Former England coach Sven Goran-Eriksson looks set to take the managerial reigns at Manchester City, though the deal can't officially go through until prospective new owner Thaksin Shinawatra has
completed his proposed purchase of 75 percent of the club's shares, which is expected to happen now that City's board has recommended that shareholders accept the former Thailand Prime Minister's
$163 million bid. The club wouldn't confirm Sven's pending arrival, although Thaksin's offer, estimated at $6 million for three years, should be accepted by the Swede in the next few days. The
Times reports that Eriksson has contacted Roland Andersson, currently the Sweden national team assistant, about taking up an assistant role alongside him.
Thaksin's takeover attempt
has given fresh scrutiny to the ongoing practice of foreign investment in and ownership of English clubs. In light of City's proposed takeover by the controversial Thaksin, who lives in exile in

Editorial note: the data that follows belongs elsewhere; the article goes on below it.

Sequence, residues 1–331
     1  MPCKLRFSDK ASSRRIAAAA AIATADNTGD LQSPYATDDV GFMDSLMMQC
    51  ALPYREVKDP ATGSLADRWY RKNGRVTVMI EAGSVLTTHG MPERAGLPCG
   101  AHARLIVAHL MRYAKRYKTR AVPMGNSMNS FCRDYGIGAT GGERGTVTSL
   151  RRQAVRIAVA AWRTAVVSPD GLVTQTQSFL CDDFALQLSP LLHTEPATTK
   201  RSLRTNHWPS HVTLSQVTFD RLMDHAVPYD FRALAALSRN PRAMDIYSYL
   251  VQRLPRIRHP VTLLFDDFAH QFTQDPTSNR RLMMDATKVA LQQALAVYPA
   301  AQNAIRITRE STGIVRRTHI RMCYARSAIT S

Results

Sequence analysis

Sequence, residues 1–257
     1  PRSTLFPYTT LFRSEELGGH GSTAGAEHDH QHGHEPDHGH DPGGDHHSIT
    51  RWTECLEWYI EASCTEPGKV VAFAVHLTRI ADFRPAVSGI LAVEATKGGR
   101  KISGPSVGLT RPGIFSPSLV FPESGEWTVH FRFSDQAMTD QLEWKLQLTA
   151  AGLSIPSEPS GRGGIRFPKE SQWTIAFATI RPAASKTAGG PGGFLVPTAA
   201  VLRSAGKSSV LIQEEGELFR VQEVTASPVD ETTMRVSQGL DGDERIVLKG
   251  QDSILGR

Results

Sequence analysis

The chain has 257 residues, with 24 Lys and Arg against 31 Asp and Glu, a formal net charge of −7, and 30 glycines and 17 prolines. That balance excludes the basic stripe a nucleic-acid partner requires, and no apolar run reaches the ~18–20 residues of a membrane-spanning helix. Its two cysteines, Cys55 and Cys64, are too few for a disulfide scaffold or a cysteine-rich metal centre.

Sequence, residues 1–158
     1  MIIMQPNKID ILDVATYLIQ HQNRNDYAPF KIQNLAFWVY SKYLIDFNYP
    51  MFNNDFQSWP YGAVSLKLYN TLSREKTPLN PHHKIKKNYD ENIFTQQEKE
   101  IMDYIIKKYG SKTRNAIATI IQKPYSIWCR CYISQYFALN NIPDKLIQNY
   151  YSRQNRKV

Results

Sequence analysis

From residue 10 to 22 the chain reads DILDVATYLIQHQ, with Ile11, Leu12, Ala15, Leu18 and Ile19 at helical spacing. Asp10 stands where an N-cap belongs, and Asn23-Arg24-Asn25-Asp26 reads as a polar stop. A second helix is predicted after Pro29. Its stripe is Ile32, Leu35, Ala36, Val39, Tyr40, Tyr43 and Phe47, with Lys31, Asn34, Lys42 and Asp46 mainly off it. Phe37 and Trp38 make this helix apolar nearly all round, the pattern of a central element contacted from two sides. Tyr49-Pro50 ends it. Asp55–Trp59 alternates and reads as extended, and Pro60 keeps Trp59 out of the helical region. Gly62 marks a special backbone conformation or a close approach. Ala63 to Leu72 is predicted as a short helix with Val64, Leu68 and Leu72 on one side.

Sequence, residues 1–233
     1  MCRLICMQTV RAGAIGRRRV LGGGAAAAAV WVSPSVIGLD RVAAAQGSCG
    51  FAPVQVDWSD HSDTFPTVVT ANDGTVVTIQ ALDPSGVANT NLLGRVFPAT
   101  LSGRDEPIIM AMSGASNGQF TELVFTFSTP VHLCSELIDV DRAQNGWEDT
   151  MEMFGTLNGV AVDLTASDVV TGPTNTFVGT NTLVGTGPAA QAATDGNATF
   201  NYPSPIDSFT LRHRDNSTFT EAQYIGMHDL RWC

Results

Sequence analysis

London and has been described by British Parliament as being "unsavory," Britain's Sports Minister Richard Caborn has called a meeting between himself, Treasury officials, and Premier League,
Football League and Football Association executives to discuss standards for foreign ownership.
Caborn insists that commercialization and foreign investment are good for the English
game, "but I think we have got to make sure the Premier League does not turn into a billionaires' playground," he said, adding that the group may implement a "fit and proper person test," for
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